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Gov. Dannel P. Malloy appeared Thursday in Middletown to mark the completion of the first of Connecticut's nine pilot microgrid projects that promise to provide electricity for critical areas of the state in the event of widespread power outages.
Malloy ushered in the first wave of microgrid pilot projects, at the same time announcing a second round of project proposals is under way. The projects aim at keeping critical facilities such as hospitals, police stations, grocery stores and gas stations up and running in the event of a power emergency.
"The Wesleyan microgrid project is an example of how we will help minimize hardships to our residents and businesses during times when severe storms take out power from the electric grid," Malloy said in a statement.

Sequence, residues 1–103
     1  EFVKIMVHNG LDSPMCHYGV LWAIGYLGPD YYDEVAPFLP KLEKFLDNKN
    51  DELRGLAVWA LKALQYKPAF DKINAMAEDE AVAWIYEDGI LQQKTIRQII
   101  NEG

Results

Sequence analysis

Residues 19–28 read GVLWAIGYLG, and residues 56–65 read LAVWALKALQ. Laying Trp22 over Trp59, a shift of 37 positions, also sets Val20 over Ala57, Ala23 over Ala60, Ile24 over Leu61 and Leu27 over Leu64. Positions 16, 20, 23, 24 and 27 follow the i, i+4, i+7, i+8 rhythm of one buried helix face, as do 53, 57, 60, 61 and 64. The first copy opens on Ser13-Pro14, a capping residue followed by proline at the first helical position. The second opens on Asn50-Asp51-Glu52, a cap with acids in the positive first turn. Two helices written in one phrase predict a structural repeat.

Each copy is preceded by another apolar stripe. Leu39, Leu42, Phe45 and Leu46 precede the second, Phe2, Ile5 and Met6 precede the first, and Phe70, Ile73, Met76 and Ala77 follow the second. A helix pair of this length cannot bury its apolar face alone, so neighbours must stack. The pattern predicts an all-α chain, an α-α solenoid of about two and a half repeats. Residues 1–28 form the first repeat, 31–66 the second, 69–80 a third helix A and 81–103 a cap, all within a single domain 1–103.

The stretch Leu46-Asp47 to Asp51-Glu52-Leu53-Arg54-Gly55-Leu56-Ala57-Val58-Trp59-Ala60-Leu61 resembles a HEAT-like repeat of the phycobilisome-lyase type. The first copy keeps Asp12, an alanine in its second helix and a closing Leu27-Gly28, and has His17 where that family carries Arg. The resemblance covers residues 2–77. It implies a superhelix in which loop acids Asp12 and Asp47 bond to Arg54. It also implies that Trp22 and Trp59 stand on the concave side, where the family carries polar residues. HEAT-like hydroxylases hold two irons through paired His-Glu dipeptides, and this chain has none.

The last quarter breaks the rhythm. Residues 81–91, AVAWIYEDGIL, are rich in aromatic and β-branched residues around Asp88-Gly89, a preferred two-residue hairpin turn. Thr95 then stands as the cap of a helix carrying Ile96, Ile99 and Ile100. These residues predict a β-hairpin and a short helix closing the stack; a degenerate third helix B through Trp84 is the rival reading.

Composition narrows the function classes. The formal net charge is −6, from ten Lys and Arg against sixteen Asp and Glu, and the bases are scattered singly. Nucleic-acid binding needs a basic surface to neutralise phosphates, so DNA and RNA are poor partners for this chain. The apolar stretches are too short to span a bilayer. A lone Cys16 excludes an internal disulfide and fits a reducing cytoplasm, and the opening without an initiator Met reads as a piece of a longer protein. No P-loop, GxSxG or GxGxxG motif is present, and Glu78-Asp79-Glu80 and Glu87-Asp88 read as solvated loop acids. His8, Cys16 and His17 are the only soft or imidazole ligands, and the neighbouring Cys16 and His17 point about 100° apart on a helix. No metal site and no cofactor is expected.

The microgrid project came in the wake of devastating outages during the one-two punch of Tropical Storm Irene and the October Nor'easter in 2011.
Other projects are ongoing in Bridgeport, Fairfield, Groton, Hartford, Storrs, Windham and Woodbridge. Groton's project at the Naval Submarine Base calls for $3 million to be spent for a 5-megawatt cogeneration turbine and a 1.5-megawatt diesel generator.
The first round of grants, administered largely by the state Department of Energy and Environmental Protection, totaled $18 million. Because the submarine base is a federal facility, funding for Groton was funneled through the state Department of Economic and Community Development.
DEEP's second round of grants, to be awarded in the fall, will total $15 million. For more information about the microgrid program, call 860-827-2688 or email email@example.com.
"We will continue to work closely with all communities and institutions looking to develop microgrids," DEEP Commissioner Rob Klee said in a statement.